Impact of process-oriented guided inquiry learning on chemistry students
Keller, Aaron Adam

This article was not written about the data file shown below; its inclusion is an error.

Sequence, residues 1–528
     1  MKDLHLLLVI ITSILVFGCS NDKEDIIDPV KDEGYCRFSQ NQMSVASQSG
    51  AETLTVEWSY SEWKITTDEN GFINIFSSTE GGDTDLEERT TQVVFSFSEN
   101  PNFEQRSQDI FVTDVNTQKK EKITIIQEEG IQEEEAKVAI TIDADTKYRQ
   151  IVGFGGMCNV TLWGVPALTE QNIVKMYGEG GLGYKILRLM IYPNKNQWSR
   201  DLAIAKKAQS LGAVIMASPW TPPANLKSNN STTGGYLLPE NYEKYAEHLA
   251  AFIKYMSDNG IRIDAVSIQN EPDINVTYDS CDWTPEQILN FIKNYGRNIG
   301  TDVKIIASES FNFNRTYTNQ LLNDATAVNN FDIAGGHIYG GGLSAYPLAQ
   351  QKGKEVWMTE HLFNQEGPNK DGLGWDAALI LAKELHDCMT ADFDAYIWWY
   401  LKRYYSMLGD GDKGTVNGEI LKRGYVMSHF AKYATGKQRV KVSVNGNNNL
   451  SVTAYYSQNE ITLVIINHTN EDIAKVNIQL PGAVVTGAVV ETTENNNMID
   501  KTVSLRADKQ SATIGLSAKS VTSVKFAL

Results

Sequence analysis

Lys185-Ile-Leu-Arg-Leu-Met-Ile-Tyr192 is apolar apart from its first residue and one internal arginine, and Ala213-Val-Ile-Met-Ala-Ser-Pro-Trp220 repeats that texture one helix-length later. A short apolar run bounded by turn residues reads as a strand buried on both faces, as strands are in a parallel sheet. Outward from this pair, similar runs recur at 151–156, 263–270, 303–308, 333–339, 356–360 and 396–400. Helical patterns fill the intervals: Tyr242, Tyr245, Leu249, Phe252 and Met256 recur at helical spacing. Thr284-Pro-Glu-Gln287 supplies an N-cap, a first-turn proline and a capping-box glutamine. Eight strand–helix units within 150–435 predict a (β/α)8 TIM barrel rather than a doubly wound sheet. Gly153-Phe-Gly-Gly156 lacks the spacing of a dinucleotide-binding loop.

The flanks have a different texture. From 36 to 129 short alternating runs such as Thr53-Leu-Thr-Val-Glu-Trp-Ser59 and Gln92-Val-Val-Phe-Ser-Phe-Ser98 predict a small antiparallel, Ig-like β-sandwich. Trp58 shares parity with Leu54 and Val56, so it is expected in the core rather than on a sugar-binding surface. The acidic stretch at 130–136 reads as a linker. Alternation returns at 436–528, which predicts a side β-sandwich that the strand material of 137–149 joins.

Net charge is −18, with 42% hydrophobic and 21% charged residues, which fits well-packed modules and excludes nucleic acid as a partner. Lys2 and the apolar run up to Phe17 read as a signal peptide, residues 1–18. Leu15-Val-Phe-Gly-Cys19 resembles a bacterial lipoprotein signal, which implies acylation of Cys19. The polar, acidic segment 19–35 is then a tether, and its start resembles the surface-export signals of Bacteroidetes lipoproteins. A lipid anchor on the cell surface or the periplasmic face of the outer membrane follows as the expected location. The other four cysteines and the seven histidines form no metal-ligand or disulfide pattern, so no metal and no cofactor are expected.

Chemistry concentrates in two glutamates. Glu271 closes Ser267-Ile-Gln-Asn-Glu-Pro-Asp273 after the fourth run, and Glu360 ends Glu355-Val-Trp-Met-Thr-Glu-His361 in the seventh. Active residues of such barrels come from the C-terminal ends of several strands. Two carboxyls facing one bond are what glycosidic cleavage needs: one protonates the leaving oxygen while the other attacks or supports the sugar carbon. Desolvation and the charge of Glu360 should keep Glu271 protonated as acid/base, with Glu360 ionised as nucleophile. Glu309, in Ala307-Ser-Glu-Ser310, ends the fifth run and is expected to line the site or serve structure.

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Educating students in science using traditional methods such as lecture and demonstrations is not effective with the majority of students. Alternative methods such as the small-group work method of POGIL (Process Oriented Guided Inquiry Learning) and inquiry-based laboratory work have been shown to be more effective. In this classroom research study these techniques were employed with students in an effort to improve their understanding of science content. In addition, the reason why traditional methods may be less effective is explored through the lens of the work of Jean Piaget and Anton Lawson. Piaget (1972) enumerated several types of reasoning he collectively called 'formal thought'. This formal reasoning may emerge from concrete reasoning during adolescence. Whether it does or not depends in large part on an individual's experiences. The implications for teaching students who are at a concrete stage of cognitive development were explored through data collected regarding science content comprehension, the use of inquiry-based lab activities, and through interviews with students. Finally, prospects for having a direct impact on students' development of formal reasoning are discussed. The results of this study are that the majority of students in a college-preparatory chemistry classroom are in fact concrete thinkers, they require a specific, learning-cycle approach for effective instruction, and the use of such instruction does not in itself contribute directly to their development of formal reasoning abilities. As a result, the study points toward further work to incorporate elements of explicit instruction in formal reasoning skills. Previous research has demonstrated the value of such instruction both in the science classroom and beyond it and that it is in fact possible to aid most but not all students to attain this level of cognitive development.